6,5x55mm Mannlicher-Schoenauer


In John Taylor’s book “American Rifles and Cartridges”, on page 182 there is this illustration of a box of 6,5x55mm from DWM.

Does anyone have a box like this and can they describe the chargers used?



Are you aware that the artist doesn’t have the right box of cartridges to illustrate the cartridge being discussed by John Taylor? Surely an innocent mistake. Jack



Many thanks for pointing that out, if it ain’t tinware then I’m operating well outside my sphere of competence.

I’m derelict in not having the DWM case guide but I thought the 431 series was for the 6,5mm Danish Krag and its variants but that wouldn’t have precluded the cartridge being used in the M-S action … but I’m well used to the appearance of ‘artistic licence’ when it comes to illustrations in books and journals, especially when there’s engraving involved !

So, the chargers found in this sort of packaging would be the regular 6,5x55mm ones?



Peter: My assumption would be that the clips were of the Swedish 1894-96 type, but it would be well to wait and see if someone can speak with authority on this. Jack


major artistic license, as 477 is the DWM numbers for the 6.5.54 or 53.5 M-S. The 1st model MS was the 1903

I don’t think the clip illustrated is for a MS rifle but for a Mauser action. The MS clips I’m familiar with have the keeper spring on the outside. where as this looks typical Mauser, which the 6.5 Swedish was.

Now I’ve not tried charging a MS rifle with a Mauser clip so…


I don’t see any artistic license taken in this drawing at all. I have not researched the text of the book as it relates to this drawing, so my comments are only about the drawing and its absolute correctness, not about how the drawing relates to the text.

Firstly, The box is not pictured as a box for the 6.5 x 54 MS cartridge. It is plainly marked for the 6.5 x 55 Mauser, and the DWM Case number as shown on the box and headstamp are absolutely correct for that caliber. The DWM Case Register shows that number, 531C as being the case for the 6.5 mm M/96 Mauser. The M/96 Mauser is the long Mauser produced first in Germany for Sweden, and then in Sweden by Carl Gustavs Stads. I own one from the latter manufacturer. The clip pictured in the drawing with the 6.5 x 55 mm sporting cartridge has the right proportions to be the correct charger for that rifle, although not all features of the clip can be seen in a straight “side-on” view like that. I have dozens of these clips.

So, that begs the question of “where is the artistic license?” It is simply a nice drawing of cartridge, case and box for the 6.5 x 55 mm Mauser cartridge with the box plainly marked with the correct case number and caliber designation (6.5 x 55 and NOT 6.5 x 54 or 6.5 x 53), and also clealy marked that the ammunition is for the “Mauser Repetiergewehr” (Mauser repeating rifle).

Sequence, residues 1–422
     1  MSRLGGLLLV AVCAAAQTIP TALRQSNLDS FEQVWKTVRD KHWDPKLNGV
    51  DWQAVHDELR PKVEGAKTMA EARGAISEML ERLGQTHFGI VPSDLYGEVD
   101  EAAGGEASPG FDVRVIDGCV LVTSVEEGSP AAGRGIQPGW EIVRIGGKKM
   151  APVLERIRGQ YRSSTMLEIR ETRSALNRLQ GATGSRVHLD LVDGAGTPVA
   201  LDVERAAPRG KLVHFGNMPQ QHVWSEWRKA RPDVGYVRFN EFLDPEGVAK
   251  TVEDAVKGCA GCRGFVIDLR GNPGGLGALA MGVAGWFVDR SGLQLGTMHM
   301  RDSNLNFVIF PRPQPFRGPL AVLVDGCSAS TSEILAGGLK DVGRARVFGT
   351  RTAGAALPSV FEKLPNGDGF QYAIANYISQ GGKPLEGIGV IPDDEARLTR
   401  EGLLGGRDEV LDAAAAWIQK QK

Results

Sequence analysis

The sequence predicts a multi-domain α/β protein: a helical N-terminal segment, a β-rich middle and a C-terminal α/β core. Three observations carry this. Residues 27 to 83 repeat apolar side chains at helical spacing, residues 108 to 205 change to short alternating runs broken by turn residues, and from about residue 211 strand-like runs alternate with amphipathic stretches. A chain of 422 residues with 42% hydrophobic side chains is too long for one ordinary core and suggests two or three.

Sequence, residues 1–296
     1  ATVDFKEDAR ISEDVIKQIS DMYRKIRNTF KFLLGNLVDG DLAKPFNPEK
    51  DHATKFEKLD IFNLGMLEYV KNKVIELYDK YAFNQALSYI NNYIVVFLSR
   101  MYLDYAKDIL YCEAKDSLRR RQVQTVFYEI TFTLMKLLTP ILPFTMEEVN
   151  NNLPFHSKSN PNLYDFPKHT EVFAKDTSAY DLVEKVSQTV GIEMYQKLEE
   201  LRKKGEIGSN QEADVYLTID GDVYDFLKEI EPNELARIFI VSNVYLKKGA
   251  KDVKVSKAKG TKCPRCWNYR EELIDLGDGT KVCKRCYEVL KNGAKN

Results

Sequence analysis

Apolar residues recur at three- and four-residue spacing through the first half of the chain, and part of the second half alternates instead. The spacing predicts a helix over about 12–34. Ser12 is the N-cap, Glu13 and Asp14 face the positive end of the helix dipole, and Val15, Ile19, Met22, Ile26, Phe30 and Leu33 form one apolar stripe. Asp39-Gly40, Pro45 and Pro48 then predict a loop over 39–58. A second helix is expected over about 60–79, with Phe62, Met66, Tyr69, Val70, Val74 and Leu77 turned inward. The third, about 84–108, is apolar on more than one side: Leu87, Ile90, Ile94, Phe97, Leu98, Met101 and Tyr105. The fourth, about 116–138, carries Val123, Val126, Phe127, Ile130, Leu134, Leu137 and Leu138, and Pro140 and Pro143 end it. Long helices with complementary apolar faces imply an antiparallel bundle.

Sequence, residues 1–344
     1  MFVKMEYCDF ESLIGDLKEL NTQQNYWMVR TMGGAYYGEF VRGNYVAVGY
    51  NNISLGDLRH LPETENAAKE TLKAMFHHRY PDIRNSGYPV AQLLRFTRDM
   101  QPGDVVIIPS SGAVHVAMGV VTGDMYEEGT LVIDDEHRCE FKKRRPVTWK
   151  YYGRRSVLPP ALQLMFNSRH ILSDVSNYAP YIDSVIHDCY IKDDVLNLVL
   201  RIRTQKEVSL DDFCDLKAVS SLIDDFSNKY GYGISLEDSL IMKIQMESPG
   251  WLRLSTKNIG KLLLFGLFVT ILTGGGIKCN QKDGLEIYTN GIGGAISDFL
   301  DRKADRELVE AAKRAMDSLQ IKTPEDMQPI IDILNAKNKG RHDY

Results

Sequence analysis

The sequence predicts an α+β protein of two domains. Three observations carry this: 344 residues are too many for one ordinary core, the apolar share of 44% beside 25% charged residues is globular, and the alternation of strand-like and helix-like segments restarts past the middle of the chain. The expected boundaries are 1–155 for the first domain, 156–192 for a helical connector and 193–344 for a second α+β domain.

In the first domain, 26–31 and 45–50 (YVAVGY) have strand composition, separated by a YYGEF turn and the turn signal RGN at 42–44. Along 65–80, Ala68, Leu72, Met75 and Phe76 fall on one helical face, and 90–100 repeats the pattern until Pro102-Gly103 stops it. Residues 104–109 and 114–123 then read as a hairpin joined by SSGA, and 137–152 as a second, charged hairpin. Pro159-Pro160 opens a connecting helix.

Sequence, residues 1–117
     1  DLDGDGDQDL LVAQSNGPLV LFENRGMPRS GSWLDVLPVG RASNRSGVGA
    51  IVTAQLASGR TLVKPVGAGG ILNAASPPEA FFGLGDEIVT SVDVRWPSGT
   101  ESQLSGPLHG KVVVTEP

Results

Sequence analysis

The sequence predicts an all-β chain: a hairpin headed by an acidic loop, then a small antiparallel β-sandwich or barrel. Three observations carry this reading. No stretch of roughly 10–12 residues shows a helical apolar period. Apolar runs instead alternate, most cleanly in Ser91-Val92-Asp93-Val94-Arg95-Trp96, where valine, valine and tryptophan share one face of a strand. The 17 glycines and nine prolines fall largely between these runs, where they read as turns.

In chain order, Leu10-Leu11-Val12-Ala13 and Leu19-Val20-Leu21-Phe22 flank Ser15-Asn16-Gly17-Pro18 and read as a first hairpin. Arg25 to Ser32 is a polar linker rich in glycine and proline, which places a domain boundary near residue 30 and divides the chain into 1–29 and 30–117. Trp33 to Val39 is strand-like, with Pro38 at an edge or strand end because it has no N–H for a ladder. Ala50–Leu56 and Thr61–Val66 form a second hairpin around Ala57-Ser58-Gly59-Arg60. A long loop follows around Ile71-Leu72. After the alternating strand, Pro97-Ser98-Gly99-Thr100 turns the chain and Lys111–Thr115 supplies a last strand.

Again, how that relates to the text I don’t know. I have the book, but didn’t research that part of the question.


As JM Noted forcefully, the ILLUSTRATION is of 6,5x55 Swedish Mauser Cartridges and Packet etc…The “attribution” underneath is an OBVIOUS English Mistake…only the English call the Mannlicher Schoenauer Cartridge a “.256” …every one else calls it a “6,5x54 MS” or 6,5x54 M1903 ( it should actually be M1900, but that is another story…).

Since this is from an English-language Published book, the Compiler ( author or Editor) obviously could not read German, and/or was not familiar with ammunition Packets, or was a complete ignoramus as far as ammunition was concerned…so it must have been someone other than John “Pondoro” Taylor ( who used British, German and American Ammo in his hunting and was quite knowledgeable in the field)…And since this Book is “American Rifles & Cartridges”, I would assume the mistake is due to someone in the Editorial staff of the Publisher ( Either way, British or American).

I have ( and read) Taylor’s Book on African Rifles and Cartridges, and did not find such “Mistakes” occurring there.

Doc AV


John & Doc AV
The title being for the .256 or 6.5mm Mannlicher-Schoenauer & showing a box of 6.5 Swedish Mauser is where the artistic license comes in to play.
Yes the drawing is correct & quite well done, but not for that title as Doc AV notes.

The MS is about a 1/8 " shorter than the 6.5 Swed. so I don’t know, but somehow I don’t think it would go through the rotary magazine of a MS, as all but perhaps the newer models were factory chambered for the 54mm case in the various bullet diameters offered.

This drawing, as titled, is also on page 182 of my 1948 edition of AFRICAN Rifles and Cartridges. The text underneath the drawing reaffirms he is talking about the MS rifle and not a Mauser actioned 6.5 Swedish. I think perhaps Peter did a typo in his calling the book American Rifles & Cartridges?

So call it artistic license or an innocent mistake, the collar & cuffs don’t match.


I would call that editorial license. You can’t blame the artist for someone using his drawing in the wrong context.


Yup, my mistake.

My desk is so overflowing with stuff I scanned the page, took a glance at the title and in between looking and typing I confused the two ‘A’ words, “African” it should be.

Maybe I should tidy my desk … when I next have a month off !!

I called it ‘artistic licence’ because someone took licence with the art, although ‘editorial licence’ would have served just as well.